Saturday, May 30th, 2009
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am in Port Carling today, having slept last night on dry land for the first time
in 40 days or so.
When last I wrote here, I mentioned preparing for a trip. On the
17th of April, I flew to Toronto, then on to Sint Maarten in the Leeward Islands
the next day to board a 45-foot Jeanneau sloop headed to Canada via Bermuda, New
York and the new York Canals.
Once in Sint Mararten, I met up with my friend, Frank, on the boat and we sailed off to
Anguilla for a few days, then returned to Sint Maarten to pick up a student
(Frank is a sailing instructor). We then readied the boat and raised
anchor, headed for Bermuda, a journey of about 900 nautical miles and almost a
week's duration, sailing non-stop, night and day at an average of 6 knots.
course took us about 1,000 miles offshore through the Sargasso Sea and over water 5 miles deep. The
weather was variable and we encountered high winds and rough seas along the way,
but had a good trip. The student was desperately sea sick for three days,
but recovered in time to get a bit of his coursework done before our arrival in
We arrived early Thursday at Saint George's, checked in
with customs, and and tied up at the Saint George's Dinghy Club to
re-provision and to wait for good weather reports to cross the treacherous Gulf
Stream to New York City and the Hudson River.
During our stay, we were generously treated to two separate tours -- first on
the water by a local fisherman at the Club who befriended us, and a day later on
land by a local beekeeper I had met at ABF meetings.
I had met Randy several times at the ABF, and after my last trip
through Bermuda, I had mentioned to him that I had thought of him when passing
through, but had not
called. He had admonished me for not doing so and
given me his card again, so I made certain not to make the same mistake this
time. He was quite busy cutting bananas when I called, but dropped
everything to pick us up, and he give Frank and me a tour of his most
interesting operation which includes yards in many locations around the island(s)
and treated us to lunch as well! When we parted, he loaded us down with
bananas and Bermuda onions, and several jars of his honey. The bananas
were perfect. the onions as good as any I've eaten, and the honey, spectacular.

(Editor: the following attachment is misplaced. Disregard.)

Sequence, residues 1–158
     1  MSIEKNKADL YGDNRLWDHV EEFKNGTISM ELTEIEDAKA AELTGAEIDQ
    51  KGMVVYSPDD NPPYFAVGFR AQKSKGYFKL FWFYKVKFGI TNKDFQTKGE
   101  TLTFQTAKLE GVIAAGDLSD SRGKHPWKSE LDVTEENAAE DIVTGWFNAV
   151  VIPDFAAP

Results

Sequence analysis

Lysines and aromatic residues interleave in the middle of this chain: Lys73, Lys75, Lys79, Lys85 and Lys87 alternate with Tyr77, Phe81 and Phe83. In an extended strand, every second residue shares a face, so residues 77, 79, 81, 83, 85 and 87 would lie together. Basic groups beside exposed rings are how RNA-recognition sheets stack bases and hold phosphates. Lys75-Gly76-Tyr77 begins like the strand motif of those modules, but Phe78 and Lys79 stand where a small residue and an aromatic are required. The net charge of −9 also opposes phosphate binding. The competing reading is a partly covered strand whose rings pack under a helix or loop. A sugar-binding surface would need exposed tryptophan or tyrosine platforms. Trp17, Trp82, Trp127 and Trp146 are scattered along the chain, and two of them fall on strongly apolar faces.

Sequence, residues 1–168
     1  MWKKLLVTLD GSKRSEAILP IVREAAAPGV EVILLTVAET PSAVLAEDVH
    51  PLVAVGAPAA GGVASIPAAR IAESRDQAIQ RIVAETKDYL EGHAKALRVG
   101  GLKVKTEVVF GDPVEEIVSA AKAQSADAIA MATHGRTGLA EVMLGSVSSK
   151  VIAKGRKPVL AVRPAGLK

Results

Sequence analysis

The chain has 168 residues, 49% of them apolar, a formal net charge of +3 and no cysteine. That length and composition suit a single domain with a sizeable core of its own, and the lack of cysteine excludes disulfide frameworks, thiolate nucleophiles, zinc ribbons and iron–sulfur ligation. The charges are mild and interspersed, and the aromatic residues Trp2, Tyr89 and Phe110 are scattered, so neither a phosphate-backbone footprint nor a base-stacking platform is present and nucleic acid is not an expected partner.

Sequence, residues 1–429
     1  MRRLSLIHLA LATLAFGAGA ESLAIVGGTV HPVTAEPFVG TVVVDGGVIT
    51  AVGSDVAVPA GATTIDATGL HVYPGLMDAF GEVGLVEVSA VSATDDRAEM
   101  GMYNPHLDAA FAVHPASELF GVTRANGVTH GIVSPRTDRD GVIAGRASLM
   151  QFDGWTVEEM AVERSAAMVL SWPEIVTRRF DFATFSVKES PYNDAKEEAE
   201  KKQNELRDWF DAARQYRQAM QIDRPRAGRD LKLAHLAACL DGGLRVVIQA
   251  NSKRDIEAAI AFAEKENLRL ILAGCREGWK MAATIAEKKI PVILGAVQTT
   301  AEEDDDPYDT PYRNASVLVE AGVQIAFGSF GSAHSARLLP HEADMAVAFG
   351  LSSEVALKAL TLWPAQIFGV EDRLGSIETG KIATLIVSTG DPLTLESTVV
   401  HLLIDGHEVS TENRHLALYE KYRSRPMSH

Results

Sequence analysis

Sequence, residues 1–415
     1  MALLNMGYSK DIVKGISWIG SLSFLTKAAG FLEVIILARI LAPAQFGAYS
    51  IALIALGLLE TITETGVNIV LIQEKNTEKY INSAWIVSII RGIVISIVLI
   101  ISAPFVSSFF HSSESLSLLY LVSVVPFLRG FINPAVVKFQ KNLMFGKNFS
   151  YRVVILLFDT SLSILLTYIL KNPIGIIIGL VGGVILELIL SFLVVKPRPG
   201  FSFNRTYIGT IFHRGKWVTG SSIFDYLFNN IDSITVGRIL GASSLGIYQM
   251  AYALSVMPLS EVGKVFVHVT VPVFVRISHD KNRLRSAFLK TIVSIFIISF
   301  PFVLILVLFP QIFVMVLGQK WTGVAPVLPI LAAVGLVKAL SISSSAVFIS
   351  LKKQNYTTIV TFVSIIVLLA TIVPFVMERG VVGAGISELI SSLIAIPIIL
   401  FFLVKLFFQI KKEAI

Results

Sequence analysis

His honey is liquid, very thick, light amber and delicately floral. It is
a good as any I have had anywhere, maybe better.
Frank's student left us in Bermuda, and by Tuesday the weather
looked promising so Frank and I headed out for New York. With only two of
us to sail non-stop, day and night, the trip is a bit challenging. Most use a crew
of four for such a trip, but Frank and I have done it before and, personally, I
prefer to deal with the sea and weather and a little fatigue with an known
sailor than the potential idiosyncrasies of various new and unknown crew
members, so off we went.
That part went well, too, although we fought a current he whole
way and hit a light gale (35+ knot winds) and fog while navigating the shipping lanes entering
New York and took a whole day making the last twenty or thirty miles, a segment
that should have taken several hours at most, due to
strong winds and a sharp chop running directly against us.
-- many hours later than we had expected -- we pulled into Atlantic Highlands and
checked into the US. After re-provisioning and visiting friends, we headed
the next day for the Verrazano Narrows Bridge and New York City. By
nightfall, we were anchored well up the Hudson near Croton in Haverstraw Bay.
From there, we motored up to Castleton-on-Hudson and lowered the
mast. Ray joined us there and we continued on the the Federal Lock at
Troy. Shortly after the lock, we took a left turn and went west on the
Mohawk River through the New York Canals and the Seneca, eventually ending up in
North Tonawanda days later, after a most tranquil and pleasant motor through the
scenic rivers and canals, and through the centre of many historic small towns
and villages in upstate New York.
In North Tonawanda, we put the mast back up and headed up the
Niagara River, then across Lake Erie to Port Colborne. There, we cleared
customs after a rather exhaustive (and somewhat amusing) search of the entire
boat by two quite professional, but pleasant officers dressed in dark clothes
and flak jackets. We did not envy them in those hot uniforms, searching
the bilges in the hot cabins below as we stood in shorts on the dock waiting for
them to finish.
I left the boat the next morning as planned, having covered
around 2,000 nautical miles at never more than seven knots, and often much
less, and drove to Pine Hill. The others are continuing to Penetanguishene -- up the Detroit River, the Saint Clair, then across Lake Huron
and Georgian bay. I will drop a car in Penetang for them tomorrow morning,
and my adventure is done for now.